According to an intent to treat analysis, among 54 patients enrolled in arm A, there were 3 complete response (5.6%) and 20 partial responses (37%), for an overall response rate of 42.6% (95% CI, 29.3-55.9); disease remained stable in 19 (35.2%), and progressive disease was observed in 6 (11.1%) patients. Among 50 patients enrolled in arm B, there were 8 complete responses (16%) and 18 partial responses (36%), for an overall response rate of 52% (95% CI, 38.2-65.8); disease remained stable in 12 (24%), and disease progression occurred in 9 (18%) patients (Table 2a). Six patients of arm A and 3 patients of arm B were not evaluable for response (4 refusal, 5 lost to follow up). Objective response rates in 48 and 47 evaluable patients were 47.9% (95% CI, 33.9-61.9), and 55.3% (95% CI, 41.1-69.4) in the arm A and B, respectively (Table 2b). Disease control (CRs + PRs + NC) was 87.5% in arm A and 80.8% in arm B, respectively. Responses according to disease sites in evaluable patients are reported in details on Table 2c, and were as follows: arm A/B, soft tissue 66.6%/77.7%; bone 33.3%/37.5%; viscera 50%/53.3%. No relevant differences in response rate was observed according to hormonal receptor status, evidencing only a trend of higher response in receptor negative tumors in both arms (53.6% vs 45.7%, arm A; 60% and 53.1% arm B). No differences in response rates have been observed by Her-2 status in both arms, but numbers are very small: arm A Her-2 neg 54%, Her-2 pos 42.8%; arm B Her-2 neg 64%, Her-2 pos 50%. Median time to response was 2 months in both arms (range, 1 to 4 months). Median progression free survival (Figure 1) was 10.7 months in arm A (95% CI, 8.7-12.6), and 8.8 months in arm B (95% CI 7.1-10.5), median overall survival (Figure 2) was 34.6 months in arm A (95%CI, 19.5-49.8) and 24.8 months in arm B (95% CI, 15.7-33.9).
Table 2

Objective responses

2a. ITT on all enrolled patients

 

Arm A (EV) (54)

 

Arm B (PLD/V) (50)

 
 

No.

%

 

No.

%

 

CR

3

5.6

42.6%

8

16.0

52.0%

PR

20

37.0

42.6%

18

36.0

52.0%

NC

19

35.2

 

12

24.0

 

PD

6

11.1

 

9

18.0

 

2b. On evaluable patients

 

Arm A (EV) (54)

 

Arm B (PLD/V) (47)

 
 

No.

%

 

No.

%

 

CR

3

6.3

47.9%

8

17.0

55.3%

PR

20

41.6

47.9%

18

38.7

55.3%

NC

19

39.6

 

12

25.5

 

PD

6

12.5

 

9

19.2

 

2c. Overall response rates according to disease sites in evaluable patients (%)

 

Arm A (EV) (48)

 

Arm B (PLD/V) (47)

 

Soft tissue

66.6

 

77.7

 

Bone

33.3

 

37.5

 

Viscera

50.

 

53.3

 

Abbreviations: EV = epirubicin, vinorelbine; PLD/V = pegylated liposomal doxorubicin/vinorelbine; ITT = intent to treat; CR = complete response; PR = partial response; NC = no change; PD = progressive disease

https://static-content.springer.com/image/art%3A10.1186%2F1756-9966-30-39/MediaObjects/13046_2011_Article_458_Fig1_HTML.jpg
Figure 1

Progression Free Survival.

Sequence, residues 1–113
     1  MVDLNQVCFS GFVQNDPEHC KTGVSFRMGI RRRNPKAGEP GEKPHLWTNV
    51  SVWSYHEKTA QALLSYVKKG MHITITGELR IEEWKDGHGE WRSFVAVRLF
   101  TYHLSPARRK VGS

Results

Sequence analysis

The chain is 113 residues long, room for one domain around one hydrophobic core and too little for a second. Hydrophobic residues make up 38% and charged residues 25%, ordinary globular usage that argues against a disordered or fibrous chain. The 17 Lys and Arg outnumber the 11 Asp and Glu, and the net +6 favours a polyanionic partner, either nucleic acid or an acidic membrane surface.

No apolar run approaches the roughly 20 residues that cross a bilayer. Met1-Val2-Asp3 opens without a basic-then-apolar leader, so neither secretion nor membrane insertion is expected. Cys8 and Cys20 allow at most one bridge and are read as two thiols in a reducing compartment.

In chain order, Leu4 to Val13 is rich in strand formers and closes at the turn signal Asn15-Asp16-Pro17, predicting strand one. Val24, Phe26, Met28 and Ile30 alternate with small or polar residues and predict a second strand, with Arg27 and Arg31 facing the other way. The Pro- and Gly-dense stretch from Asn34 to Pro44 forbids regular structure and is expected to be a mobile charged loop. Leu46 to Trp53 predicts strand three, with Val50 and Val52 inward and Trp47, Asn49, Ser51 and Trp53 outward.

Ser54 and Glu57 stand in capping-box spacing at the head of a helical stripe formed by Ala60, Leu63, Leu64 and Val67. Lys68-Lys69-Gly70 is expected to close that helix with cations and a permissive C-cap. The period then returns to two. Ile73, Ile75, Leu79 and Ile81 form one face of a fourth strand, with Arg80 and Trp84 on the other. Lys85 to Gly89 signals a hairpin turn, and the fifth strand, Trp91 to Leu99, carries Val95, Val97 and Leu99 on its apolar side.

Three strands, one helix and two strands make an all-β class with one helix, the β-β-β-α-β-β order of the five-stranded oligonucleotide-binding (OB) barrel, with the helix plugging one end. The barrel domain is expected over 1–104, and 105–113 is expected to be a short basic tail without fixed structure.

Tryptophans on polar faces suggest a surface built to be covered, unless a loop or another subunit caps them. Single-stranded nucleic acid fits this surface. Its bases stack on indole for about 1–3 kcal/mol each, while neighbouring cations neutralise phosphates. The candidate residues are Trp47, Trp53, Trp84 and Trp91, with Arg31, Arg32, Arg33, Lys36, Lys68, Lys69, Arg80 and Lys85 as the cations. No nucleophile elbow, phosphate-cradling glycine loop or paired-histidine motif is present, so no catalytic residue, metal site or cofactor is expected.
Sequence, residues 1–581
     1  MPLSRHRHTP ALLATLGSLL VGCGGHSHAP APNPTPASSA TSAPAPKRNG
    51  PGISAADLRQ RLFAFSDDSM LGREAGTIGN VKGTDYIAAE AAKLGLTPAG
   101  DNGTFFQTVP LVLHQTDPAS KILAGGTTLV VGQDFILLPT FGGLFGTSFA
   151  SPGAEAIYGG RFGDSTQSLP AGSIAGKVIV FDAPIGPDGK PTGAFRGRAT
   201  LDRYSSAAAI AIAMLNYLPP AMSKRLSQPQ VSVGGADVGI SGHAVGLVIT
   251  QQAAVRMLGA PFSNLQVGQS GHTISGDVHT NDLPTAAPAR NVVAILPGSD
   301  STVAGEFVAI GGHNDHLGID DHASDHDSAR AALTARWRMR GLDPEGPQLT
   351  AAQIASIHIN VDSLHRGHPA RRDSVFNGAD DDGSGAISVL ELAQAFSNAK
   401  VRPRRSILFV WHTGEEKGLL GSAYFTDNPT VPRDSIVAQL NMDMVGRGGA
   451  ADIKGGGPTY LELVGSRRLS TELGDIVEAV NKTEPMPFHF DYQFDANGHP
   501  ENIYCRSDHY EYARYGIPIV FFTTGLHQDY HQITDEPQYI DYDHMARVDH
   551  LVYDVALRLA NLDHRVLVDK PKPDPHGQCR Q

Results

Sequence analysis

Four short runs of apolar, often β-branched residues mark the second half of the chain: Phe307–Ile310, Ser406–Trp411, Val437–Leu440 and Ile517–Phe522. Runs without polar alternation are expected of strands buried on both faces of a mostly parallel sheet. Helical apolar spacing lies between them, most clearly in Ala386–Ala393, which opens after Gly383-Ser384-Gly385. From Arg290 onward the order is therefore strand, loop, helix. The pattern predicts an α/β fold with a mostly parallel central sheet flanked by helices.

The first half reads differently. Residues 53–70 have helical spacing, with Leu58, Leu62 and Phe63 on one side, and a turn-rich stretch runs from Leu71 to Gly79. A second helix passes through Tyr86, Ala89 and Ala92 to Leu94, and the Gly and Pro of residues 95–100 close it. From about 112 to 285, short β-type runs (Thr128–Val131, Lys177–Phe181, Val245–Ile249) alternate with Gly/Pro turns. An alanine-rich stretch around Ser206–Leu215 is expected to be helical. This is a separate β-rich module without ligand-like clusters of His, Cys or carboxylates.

https://static-content.springer.com/image/art%3A10.1186%2F1756-9966-30-39/MediaObjects/13046_2011_Article_458_Fig2_HTML.jpg
Figure 2

Overall Survival.

Toxicity

Table 3 summarizes treatment-related main toxicities. Overall, both treatment regimens were well tolerated. The dose-limiting toxicity was, as expected, myelosuppression, with G3-4 neutropenia occurring in 18.5% and 22% of the patients of arm A and B, respectively, with grade 3-4 neutropenic fever observed in 3 (5.5%) patients of arm A, and in 2 patients (4.0%) of arm B, in whom the administration of G-CSF was required. A 25% EPI/VNB dose-reduction was required in 7% of the patients, whereas a 25% PLD/VNB dose-reduction was required in 2 (4%) patients. Grade 3 thrombocytopenia was encountered only in one patient in arm A. Grade 3 alopecia was universal in arm A, whereas in arm B it was of grade 3 only in 50% of the patients. Mild (G1-2) nausea and vomiting was encountered in 46.3%/44.0% of the patients in the two arms, respectively. Grade 3 mucositis was observed in 7.4% and 12% of the patients in arm A and B, respectively. Reversible AST/ALT elevation was reported in 2 patients in both arms, and mild and transient peripheral neurotoxicity was observed in 8 and 7 patients in arm A and B, respectively, while it was of grade 3 in 1 patients in both arms. Grade 3 PPE or cutaneous toxicity was observed in 3 (6%) patients of arm B, usually related to treatment duration, and prompted to treatment discontinuation in 1 patient after 4 cycles. As cardiotoxicity concerns, no cases of congestive heart failure have been observed in the two arms. A transient and asymptomatic ≥ 20% LVEF decrease was encountered in 2 patients (3.7%) in arm A, and this prompted to treatment discontinuation after 5th, and 6th cycle; complete LVEF recovery was observed in two months. One case of transient and reversible supraventricular tachyarrhythmia was observed in arm A, during the last EPI infusion. The median cumulative delivered EPI dose was 540 mg/m2 (range, 90 to 720 mg/m2); the median cumulative delivered PLD dose was 240 mg/m2 (range, 40 to 320 mg/m2). No toxic deaths have been observed in the two arms.